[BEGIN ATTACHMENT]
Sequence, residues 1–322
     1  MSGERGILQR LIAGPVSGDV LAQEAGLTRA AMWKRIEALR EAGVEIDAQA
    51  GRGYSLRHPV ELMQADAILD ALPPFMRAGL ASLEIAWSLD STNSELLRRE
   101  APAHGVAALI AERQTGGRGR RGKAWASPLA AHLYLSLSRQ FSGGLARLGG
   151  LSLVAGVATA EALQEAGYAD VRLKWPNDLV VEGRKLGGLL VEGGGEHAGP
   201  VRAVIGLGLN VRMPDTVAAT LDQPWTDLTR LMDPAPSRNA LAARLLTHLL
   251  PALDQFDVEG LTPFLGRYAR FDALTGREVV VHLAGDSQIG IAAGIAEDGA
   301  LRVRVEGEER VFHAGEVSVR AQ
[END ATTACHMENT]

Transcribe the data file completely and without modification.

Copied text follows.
Sequence, residues 1–322
     1  MSGERGILQR LIAGPVSGDV LAQEAGLTRA AMWKRIEALR EAGVEIDAQA
    51  GRGYSLRHPV ELMQADAILD ALPPFMRAGL ASLEIAWSLD STNSELLRRE
   101  APAHGVAALI AERQTGGRGR RGKAWASPLA AHLYLSLSRQ FSGGLARLGG
   151  LSLVAGVATA EALQEAGYAD VRLKWPNDLV VEGRKLGGLL VEGGGEHAGP
   201  VRAVIGLGLN VRMPDTVAAT LDQPWTDLTR LMDPAPSRNA LAARLLTHLL
   251  PALDQFDVEG LTPFLGRYAR FDALTGREVV VHLAGDSQIG IAAGIAEDGA
   301  LRVRVEGEER VFHAGEVSVR AQ